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What F1 can do for younger fans.

By George Ferreira

It is often said that you cannot beat a live experience and that is the case when it comes to watching sports. Other sports like football, darts and Rugby have a wide range of ticket prices for fans looking to attend a live event however when it comes to F1 it is safe to say it is not the most affordable sport for fans especially younger fans to attend. F1 may never admit this but the sport requires younger fans to attend and get involved as these are the customers in the long term that will generate income to the sport. So, what can F1 do to attract younger fans?
Let’s talk about ticket prices the first main issue that arises for younger fans looking to attend a live event. F1 is a unique sport in which the sport is completed in over 90 minutes to a couple of hours but rather it takes place over an entire weekend from Friday to Sunday. Fans can buy a single ticket for one of these days with the cheapest usually being for practise sessions on Friday with the prices being around £100 to £200 depending on where your seated, the problem with this is that no one not even die-hard fans of the sport enjoy practise sessions. There is no competition in these sessions with them being designed for drivers to get a feel of the track for the weekend. The only time the Friday sessions are somewhat entertaining is when they count towards a drivers position in the qualifying sprint race on Saturday but that is not guaranteed to occur at every race weekend. When it comes to attending qualifying you can purchase a ticket for about £150 however it is a general ticket meaning it does not come with a seat. Instead, you can stand in a designated area or bring a foldable chair to be somewhat comfortable. Finally race day tickets, the most expensive tickets available. Ticket prices for race day change based on where you sit around the track. To sit at the famous Abbey at Silverstone which provides a view of the start/finish line along with the pitlane and garages, a ticket will set you back £500 with the Hamilton straight costing you £300 to £400 depending on if you sit on the north or south side of the straight. With tickets at these prices, you would expect to at least be offered the chance to visit the pitlane or the chance to attend the podium celebrations but no those are all additional extras you can pay for on top of your ticket.
That leads us on nicely to the extras which just increase the cost attending. You can buy access to see the pitlane and peek at the cars in their respective garages but that will cost you between £100 and £250 depending on which track you attend. People can also purchase front row spots to watch the podium celebrations at the end of the race but that in itself can cost between £80 to £150 again depending on which track you attend. If you choose to attend a whole race weekend at Silverstone but don’t have a place to stay well you can buy a glamping experience with travel to the track for £2099, and you can attend a Friday party for £250 but that will only get you through the door and a complimentary drink, your then expected to pay for any more drinks you may want.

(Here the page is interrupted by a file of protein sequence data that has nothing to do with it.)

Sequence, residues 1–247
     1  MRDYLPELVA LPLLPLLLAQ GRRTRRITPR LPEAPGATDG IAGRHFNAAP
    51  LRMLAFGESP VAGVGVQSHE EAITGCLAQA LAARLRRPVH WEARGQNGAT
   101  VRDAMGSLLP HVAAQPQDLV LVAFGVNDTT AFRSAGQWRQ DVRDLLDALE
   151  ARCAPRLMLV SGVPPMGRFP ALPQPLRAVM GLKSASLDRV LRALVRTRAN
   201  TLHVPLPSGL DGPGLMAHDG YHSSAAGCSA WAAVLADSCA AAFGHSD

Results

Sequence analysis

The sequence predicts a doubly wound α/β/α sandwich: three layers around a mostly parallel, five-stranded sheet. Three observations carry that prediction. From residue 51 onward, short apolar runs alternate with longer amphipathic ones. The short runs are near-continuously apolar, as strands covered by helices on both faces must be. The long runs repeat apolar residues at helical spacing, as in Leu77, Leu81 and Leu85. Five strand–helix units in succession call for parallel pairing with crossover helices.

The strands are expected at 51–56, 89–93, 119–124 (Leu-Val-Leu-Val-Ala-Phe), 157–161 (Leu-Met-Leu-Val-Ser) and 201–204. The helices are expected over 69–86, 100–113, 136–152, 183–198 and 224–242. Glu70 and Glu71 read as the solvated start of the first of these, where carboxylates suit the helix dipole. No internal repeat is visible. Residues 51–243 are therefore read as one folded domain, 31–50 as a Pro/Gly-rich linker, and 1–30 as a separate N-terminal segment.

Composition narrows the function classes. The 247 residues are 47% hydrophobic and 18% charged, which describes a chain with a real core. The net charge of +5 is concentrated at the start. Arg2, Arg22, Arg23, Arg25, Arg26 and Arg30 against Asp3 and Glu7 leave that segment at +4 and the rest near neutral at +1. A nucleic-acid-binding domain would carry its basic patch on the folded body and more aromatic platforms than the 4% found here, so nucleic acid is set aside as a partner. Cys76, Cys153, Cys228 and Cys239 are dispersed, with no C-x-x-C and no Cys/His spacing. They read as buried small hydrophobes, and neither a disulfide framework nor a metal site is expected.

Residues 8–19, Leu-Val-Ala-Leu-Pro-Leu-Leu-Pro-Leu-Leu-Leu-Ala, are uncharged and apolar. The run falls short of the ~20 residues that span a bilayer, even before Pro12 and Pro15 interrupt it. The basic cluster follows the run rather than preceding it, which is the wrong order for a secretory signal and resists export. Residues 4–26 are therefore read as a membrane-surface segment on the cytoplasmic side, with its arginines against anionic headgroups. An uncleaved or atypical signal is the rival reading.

So, what can F1 do to encourage younger fans to attend live races? Well for starters I must admit I like what Silverstone are doing by offering free tickets to anyone under the age of two, but it could be improved by increasing the age to five and then offering a child ticket at a reduced cost compared to the adult ticket much like football tickets. I also think F1 should introduce concession tickets where students and over 60s can purchase a cheaper ticket but with the same benefits of the standard priced tickets. This would encourage more students to consider buying a ticket as they would be more affordable. Another think I believe should be done is have tickets cost the same regardless of which corner/ seating area your ticket is at, I know in football tickets also change in price dependant on where you sit however whilst in football regardless of where you sit you can watch all the action at all time in F1 you will watch the action that occurs near your sitting area and are forced to look at the screens for the rest of a lap. Younger fans are more active on social media, they love to show where they are and what they are doing on social media so why not offer the pit walks in the price of the tickets as well as the front row seats for the podium celebrations, F1 could offer this with tickets that are purchased closer to the start/finish line to prevent fans who sit further away having to travel. By offering this it would encourage younger fans to attend and are able to showcase on their social media pages what they experienced which in turn could attract more fans to attend a live event, with the social media era comes FOMO (fear of missing out) if someone on Instagram sees someone being close to the cars and the garages another F1 fan may want to purchase a ticket to have the same experience. Finally, I feel that buying tickets to attend a F1 event is to similar to buying a holiday. You can go direct to the track website and purchase a ticket, or you can go through a ticket website like Ticketmaster and finally if you want to make a weekend of it you can go book via a company a package holiday which includes travel, hotel and race weekend tickets. Whilst when holiday buying this means you can save money trying to buy a F1 ticket from various ticket sale websites means that the prices are never the same. Each website can charge what they want and there is no one questioning the price differences. I believe to buy a ticket there should be the websites for each track like there is currently and then a F1 owned website that allows people to purchase tickets and add travel and hotel if needed. This would allow F1 to control ticket prices and keep them at a fair price as well as generating further income with the addition of hotel and travel extras. This system could even have a rewards programme that encourages and rewards fans for buying from them. And if F1 offered all this they would see an increase in younger fans but also happier fans.